Previous work of ours on Semantic Storytelling uses text analytics procedures including Named Entity Recognition and Event Detection. In this paper, we outline our longer-term vision on Semantic Storytelling and describe the current conceptual and technical approach. In the project that drives our research we develop AI-based technologies that are verified by partners from industry. One long-term goal is the development of an approach for Semantic Storytelling that has broad coverage and that is, furthermore, robust. We provide first results on experiments that involve discourse parsing, applied to a concrete use case, "Explore the Neighbourhood!", which is based on a semi-automatically collected data set with documents about noteworthy people in one of Berlin's districts. Though automatically obtaining annotations for coherence relations from plain text is a non-trivial challenge, our preliminary results are promising. We envision our approach to be combined with additional features (NER, coreference resolution, knowledge graphs
With regard to the wider area of AI/LT platform interoperability, we concentrate on two core aspects: (1) cross-platform search and discovery of resources and services; (2) composition of cross-platform service workflows. We devise five different levels (of increasing complexity) of platform interoperability that we suggest to implement in a wider federation of AI/LT platforms. We illustrate the approach using the five emerging AI/LT platforms AI4EU, ELG, Lynx, QURATOR and SPEAKER.
We present a workflow manager for the flexible creation and customisation of NLP processing pipelines. The workflow manager addresses challenges in interoperability across various different NLP tasks and hardware-based resource usage. Based on the four key principles of generality, flexibility, scalability and efficiency, we present the first version of the workflow manager by providing details on its custom definition language, explaining the communication components and the general system architecture and setup. We currently implement the system, which is grounded and motivated by real-world industry use cases in several innovation and transfer projects.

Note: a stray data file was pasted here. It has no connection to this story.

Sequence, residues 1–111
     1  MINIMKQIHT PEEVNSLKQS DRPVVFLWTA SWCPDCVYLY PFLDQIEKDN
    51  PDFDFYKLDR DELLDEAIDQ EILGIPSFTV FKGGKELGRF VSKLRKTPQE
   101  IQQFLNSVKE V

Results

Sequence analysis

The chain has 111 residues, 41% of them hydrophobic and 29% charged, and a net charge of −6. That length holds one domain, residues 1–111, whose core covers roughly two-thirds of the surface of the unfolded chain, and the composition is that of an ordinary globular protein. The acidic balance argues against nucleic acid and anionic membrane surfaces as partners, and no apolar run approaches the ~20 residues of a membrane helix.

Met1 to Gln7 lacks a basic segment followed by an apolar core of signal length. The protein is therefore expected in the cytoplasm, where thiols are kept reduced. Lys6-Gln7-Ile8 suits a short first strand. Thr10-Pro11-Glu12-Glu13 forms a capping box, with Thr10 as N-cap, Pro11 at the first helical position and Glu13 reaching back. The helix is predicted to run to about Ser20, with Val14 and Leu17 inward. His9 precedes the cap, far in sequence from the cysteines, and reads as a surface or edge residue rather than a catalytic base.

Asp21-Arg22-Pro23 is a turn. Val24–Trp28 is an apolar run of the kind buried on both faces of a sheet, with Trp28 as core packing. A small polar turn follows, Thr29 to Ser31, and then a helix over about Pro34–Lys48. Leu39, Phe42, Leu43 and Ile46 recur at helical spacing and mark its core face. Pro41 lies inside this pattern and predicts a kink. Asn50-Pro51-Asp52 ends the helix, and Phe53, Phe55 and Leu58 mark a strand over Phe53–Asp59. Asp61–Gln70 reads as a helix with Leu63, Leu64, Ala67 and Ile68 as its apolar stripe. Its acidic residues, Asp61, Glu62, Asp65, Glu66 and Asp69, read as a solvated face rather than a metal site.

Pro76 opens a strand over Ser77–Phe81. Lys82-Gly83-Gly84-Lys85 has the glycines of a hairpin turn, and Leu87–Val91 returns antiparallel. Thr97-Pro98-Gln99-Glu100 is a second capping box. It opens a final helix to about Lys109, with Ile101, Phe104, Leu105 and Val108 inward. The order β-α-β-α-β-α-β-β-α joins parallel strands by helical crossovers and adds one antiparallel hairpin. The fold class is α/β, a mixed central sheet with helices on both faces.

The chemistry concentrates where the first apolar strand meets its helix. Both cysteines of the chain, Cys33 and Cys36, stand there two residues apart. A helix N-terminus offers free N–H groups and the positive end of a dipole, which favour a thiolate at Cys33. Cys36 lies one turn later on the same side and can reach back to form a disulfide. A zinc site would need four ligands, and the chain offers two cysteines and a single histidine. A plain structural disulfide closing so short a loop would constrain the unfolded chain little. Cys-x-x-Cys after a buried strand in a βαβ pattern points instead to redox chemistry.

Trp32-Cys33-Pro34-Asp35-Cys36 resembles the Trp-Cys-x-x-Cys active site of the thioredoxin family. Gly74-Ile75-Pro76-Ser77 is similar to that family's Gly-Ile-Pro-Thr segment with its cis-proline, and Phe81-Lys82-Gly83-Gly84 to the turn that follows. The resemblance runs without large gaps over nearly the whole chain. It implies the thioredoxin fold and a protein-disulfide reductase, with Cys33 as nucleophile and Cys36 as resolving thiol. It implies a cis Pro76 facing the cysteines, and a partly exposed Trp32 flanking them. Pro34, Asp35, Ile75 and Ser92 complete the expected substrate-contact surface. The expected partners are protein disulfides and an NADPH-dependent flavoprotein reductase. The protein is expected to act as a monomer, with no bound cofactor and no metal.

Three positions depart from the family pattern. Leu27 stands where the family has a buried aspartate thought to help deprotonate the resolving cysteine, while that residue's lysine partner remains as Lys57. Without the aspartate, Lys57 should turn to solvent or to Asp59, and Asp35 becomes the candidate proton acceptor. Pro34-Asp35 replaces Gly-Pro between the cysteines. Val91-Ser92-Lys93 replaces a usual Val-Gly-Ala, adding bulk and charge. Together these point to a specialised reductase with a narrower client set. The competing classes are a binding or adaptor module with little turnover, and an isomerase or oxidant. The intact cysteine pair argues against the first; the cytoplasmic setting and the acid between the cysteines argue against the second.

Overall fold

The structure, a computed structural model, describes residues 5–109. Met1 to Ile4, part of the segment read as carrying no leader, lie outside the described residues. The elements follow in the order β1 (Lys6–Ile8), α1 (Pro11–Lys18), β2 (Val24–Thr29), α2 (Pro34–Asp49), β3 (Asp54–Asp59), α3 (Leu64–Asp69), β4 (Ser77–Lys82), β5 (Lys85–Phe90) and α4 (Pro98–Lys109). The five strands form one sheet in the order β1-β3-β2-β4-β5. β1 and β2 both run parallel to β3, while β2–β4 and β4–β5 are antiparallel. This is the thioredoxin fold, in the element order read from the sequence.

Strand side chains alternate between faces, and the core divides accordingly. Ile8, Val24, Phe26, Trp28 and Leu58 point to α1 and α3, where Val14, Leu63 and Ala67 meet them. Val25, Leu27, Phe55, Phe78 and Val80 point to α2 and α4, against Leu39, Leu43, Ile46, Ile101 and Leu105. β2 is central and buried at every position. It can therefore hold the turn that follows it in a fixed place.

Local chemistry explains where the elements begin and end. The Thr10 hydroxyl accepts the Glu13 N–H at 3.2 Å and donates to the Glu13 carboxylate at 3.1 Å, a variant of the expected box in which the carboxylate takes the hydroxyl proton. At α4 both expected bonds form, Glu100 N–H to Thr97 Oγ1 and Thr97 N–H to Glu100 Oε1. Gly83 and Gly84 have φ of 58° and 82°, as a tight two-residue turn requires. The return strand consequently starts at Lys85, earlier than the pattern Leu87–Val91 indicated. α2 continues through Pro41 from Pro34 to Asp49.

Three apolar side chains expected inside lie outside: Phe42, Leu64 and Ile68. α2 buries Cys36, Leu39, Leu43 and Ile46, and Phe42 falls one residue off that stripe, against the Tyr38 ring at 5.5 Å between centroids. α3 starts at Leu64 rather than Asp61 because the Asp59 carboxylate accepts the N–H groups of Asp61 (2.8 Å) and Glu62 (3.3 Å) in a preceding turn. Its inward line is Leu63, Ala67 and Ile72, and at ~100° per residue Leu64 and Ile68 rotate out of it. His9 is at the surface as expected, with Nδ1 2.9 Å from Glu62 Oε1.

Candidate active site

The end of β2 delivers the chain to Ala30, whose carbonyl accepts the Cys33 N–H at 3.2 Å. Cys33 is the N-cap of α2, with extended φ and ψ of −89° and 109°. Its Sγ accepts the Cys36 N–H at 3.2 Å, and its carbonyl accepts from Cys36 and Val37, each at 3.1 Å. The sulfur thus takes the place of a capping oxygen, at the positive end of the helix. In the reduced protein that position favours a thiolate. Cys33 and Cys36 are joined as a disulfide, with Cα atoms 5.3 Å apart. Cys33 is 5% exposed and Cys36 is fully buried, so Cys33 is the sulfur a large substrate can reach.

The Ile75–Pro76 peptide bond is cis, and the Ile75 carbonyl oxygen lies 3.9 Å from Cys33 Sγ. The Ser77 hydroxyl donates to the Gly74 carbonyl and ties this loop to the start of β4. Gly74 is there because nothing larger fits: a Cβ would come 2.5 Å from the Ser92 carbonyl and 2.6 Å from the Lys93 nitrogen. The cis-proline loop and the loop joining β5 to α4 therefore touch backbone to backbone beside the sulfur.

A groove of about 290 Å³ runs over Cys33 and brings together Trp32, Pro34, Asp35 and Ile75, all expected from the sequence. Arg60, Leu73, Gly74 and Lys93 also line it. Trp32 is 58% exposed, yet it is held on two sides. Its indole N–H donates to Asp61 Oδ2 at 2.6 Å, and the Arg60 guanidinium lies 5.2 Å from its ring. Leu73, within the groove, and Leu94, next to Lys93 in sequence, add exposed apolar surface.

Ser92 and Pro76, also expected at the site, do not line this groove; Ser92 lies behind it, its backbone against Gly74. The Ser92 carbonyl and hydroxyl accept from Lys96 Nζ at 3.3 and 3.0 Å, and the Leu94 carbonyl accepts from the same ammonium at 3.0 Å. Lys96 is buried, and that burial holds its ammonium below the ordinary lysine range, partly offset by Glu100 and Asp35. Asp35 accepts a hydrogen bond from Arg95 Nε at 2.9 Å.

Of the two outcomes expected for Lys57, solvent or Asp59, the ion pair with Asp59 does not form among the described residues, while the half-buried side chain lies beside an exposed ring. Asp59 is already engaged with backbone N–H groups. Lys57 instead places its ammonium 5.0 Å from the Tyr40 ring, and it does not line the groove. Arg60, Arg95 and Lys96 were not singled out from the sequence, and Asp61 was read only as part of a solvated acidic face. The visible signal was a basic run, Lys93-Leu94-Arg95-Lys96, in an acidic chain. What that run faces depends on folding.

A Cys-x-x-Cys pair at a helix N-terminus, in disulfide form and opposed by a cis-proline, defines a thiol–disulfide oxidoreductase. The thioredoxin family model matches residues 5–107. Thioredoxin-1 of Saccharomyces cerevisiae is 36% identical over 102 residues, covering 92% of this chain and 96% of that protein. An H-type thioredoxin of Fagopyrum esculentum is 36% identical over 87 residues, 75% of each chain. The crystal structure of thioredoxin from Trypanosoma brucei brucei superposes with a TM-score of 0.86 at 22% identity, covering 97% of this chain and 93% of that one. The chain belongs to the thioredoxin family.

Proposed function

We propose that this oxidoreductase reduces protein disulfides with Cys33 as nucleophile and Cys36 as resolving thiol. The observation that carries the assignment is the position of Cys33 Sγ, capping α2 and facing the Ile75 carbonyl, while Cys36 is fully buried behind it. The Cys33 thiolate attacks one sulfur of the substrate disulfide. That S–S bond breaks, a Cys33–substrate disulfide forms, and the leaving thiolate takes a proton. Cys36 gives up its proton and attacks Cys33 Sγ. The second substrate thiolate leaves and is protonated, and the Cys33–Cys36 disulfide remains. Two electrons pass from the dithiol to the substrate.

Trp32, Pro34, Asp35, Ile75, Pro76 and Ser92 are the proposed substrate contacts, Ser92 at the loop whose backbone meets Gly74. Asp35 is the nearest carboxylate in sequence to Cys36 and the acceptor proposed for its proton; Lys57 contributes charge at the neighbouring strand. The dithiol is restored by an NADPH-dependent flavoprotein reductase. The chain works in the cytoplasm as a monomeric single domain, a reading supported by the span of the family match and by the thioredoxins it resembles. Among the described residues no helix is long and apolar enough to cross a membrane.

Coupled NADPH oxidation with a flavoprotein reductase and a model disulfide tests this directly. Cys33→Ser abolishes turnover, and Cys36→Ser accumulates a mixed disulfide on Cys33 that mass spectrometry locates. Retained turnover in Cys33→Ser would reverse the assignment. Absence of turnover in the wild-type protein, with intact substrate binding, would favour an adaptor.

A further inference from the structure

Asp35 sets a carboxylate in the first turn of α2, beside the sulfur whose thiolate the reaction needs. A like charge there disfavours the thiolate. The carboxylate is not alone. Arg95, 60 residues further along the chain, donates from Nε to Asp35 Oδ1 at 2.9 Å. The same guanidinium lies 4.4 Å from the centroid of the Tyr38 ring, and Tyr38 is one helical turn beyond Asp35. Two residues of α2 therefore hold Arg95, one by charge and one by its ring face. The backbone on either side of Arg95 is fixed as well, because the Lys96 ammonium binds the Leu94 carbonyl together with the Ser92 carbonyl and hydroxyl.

We explore to what extent knowledge about the pre-trained language model that is used is beneficial for the task of abstractive summarization. To this end, we experiment with conditioning the encoder and decoder of a Transformer-based neural model on the BERT language model. In addition, we propose a new method of BERT-windowing, which allows chunk-wise processing of texts longer than the BERT window size. We also explore how locality modelling, i.e., the explicit restriction of calculations to the local context, can affect the summarization ability of the Transformer. This is done by introducing 2-dimensional convolutional self-attention into the first layers of the encoder. The results of our models are compared to a baseline and the state-of-the-art models on the CNN/Daily Mail dataset. We additionally train our model on the SwissText dataset to demonstrate usability on German. Both models outperform the baseline in ROUGE scores on two datasets and show its superiority in a manual qualitative analysis.
We describe a dataset developed for Named Entity Recognition in German federal court decisions. It consists of approx. 67,000 sentences with over 2 million tokens. The resource contains 54,000 manually annotated entities, mapped to 19 fine-grained semantic classes: person, judge, lawyer, country, city, street, landscape, organization, company, institution, court, brand, law, ordinance, European legal norm, regulation, contract, court decision, and legal literature. The legal documents were, furthermore, automatically annotated with more than 35,000 TimeML-based time expressions. The dataset, which is available under a CC-BY 4.0 license in the CoNNL-2002 format, was developed for training an NER service for German legal documents in the EU project Lynx.
Legal technology is currently receiving a lot of attention from various angles. In this contribution we describe the main technical components of a system that is currently under development in the European innovation project Lynx, which includes partners from industry and research. The key contribution of this paper is a workflow manager that enables the flexible orchestration of workflows based on a portfolio of Natural Language Processing and Content Curation services as well as a Multilingual Legal Knowledge Graph that contains semantic information and meaningful references to legal documents. We also describe different use cases with which we experiment and develop prototypical solutions.